It was a movement that sparked a bitter public debate across this country - the fight to decriminalise homosexuality.
Anti-reformers and activists clashed in town halls, on the streets and even in parliament.
ONE News has revisited scenes from one of New Zealand's most of controversial law reforms back in the mid-1980s.
In 1986, a town hall debate on homosexual law reform erupting into chaos.
Labour MP Fran Wilde's bill to decriminalise sexual offences between men caused a stir.
Ms Wilde said there were even death threats made.
Kiwi man Bill Logan was part of the gay task force, lobbying politicians to support the bill.
"These people were saying that we don't have a right to exist and when you say that people don't have a right to exist, it's pretty reasonable that they got real angry about that," he said.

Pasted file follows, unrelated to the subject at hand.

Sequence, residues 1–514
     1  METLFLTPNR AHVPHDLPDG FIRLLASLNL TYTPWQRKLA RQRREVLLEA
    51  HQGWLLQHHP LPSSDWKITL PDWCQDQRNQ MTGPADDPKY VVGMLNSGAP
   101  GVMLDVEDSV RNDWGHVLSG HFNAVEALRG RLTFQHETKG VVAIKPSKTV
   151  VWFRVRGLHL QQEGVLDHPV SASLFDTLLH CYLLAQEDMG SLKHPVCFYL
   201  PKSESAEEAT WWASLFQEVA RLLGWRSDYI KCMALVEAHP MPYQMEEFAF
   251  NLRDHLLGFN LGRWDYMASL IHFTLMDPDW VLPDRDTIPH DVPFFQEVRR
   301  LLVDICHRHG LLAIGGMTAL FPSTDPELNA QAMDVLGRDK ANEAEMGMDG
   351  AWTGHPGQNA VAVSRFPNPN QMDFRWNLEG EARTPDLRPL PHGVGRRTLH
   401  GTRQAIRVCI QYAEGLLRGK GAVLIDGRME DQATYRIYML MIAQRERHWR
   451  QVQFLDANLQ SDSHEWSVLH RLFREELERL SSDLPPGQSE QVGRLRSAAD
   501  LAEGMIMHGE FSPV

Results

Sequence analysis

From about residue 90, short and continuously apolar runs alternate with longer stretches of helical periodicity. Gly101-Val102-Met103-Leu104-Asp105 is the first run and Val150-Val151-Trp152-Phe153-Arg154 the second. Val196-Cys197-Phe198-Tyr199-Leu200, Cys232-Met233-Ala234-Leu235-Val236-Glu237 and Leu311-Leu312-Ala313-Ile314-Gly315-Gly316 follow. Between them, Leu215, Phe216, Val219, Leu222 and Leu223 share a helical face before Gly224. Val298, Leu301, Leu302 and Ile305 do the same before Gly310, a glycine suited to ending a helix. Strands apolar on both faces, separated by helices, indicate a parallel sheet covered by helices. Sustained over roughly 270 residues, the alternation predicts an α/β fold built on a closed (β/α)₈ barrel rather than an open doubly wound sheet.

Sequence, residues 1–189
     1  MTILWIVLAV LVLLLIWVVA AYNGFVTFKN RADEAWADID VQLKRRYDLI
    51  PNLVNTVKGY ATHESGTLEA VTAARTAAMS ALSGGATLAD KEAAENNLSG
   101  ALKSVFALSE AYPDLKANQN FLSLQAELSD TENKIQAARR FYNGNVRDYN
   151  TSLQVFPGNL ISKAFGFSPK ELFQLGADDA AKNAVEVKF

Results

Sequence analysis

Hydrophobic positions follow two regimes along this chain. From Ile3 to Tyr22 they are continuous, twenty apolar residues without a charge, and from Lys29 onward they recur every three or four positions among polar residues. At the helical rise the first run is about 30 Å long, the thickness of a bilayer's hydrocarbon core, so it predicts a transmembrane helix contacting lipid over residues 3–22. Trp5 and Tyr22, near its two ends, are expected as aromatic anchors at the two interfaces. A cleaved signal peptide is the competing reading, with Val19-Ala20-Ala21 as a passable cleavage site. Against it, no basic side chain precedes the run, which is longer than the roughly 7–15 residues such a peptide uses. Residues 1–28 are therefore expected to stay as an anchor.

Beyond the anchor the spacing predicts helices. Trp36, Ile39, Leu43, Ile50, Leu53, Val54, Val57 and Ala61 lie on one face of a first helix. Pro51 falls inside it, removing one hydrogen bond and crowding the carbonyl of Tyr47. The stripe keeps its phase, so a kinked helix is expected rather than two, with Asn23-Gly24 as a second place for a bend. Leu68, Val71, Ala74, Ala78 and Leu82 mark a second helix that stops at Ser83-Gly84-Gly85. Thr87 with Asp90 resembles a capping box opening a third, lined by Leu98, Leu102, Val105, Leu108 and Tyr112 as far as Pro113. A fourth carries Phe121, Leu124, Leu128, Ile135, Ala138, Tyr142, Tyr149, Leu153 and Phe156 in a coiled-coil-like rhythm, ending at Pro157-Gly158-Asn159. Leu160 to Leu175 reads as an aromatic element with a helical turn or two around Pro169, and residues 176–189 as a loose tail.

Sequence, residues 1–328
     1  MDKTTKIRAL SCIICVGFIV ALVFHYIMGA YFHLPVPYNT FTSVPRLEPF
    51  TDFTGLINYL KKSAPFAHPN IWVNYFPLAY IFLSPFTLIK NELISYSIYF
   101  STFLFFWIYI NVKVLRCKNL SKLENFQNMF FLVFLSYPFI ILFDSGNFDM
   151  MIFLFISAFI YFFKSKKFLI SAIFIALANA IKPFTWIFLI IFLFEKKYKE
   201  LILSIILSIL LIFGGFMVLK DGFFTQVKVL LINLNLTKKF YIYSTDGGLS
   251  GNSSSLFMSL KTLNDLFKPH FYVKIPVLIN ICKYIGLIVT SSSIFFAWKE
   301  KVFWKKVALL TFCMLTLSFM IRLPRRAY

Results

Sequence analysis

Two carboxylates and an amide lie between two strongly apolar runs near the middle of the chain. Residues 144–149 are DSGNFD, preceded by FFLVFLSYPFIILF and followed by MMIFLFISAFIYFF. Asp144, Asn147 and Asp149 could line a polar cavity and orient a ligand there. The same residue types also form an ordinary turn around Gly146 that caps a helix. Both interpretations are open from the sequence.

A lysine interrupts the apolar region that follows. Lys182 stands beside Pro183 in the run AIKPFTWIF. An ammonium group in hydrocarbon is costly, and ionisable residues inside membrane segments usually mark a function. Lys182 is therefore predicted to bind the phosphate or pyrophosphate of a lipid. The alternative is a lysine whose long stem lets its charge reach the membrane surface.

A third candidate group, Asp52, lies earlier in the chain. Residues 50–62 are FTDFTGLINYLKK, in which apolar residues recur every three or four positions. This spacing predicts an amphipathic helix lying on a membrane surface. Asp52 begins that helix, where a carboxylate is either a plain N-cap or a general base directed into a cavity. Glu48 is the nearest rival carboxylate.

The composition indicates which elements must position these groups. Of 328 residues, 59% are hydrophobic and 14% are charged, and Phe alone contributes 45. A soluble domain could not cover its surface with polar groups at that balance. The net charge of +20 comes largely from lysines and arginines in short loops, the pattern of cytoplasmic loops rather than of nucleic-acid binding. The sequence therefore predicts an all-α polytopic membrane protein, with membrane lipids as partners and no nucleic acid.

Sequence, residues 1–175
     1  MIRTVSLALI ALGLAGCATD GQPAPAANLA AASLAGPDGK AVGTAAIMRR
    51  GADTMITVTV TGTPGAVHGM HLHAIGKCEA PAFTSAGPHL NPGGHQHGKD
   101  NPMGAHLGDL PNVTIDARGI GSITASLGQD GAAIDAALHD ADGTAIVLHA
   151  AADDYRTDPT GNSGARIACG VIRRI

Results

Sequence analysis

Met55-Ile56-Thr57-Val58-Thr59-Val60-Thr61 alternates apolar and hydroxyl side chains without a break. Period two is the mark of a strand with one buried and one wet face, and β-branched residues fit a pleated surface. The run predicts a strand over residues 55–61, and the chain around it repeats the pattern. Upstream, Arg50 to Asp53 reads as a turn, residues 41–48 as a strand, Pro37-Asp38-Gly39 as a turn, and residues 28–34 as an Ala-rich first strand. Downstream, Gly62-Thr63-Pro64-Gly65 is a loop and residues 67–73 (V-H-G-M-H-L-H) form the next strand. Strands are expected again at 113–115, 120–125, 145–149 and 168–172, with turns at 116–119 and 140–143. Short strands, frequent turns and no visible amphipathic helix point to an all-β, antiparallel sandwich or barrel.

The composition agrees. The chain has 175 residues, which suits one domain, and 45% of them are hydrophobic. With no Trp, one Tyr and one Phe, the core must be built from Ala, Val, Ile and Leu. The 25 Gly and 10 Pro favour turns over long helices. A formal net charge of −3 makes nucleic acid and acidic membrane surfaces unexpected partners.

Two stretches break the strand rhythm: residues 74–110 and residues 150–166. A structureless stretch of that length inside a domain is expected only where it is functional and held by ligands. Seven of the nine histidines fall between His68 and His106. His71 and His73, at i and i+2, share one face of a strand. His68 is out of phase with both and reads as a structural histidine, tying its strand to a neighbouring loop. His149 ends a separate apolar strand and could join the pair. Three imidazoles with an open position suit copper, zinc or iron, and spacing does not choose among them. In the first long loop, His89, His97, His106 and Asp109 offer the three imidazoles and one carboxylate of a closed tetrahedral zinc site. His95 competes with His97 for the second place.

"I think most people got that."
One New Zealand politician at the time, Norman Jones, was determined to throw the bill out.
The Invercargill MP rallied anti-reformers with a petition ceremony, that some critics likened to the Nuremberg rallies of Nazi Germany.
Maori Public Health boss Lance Norman told politicians today that 35 per cent of Maori still smoke, along with 25 per cent of Pasifika and 12-13 per cent of all other ethnicities.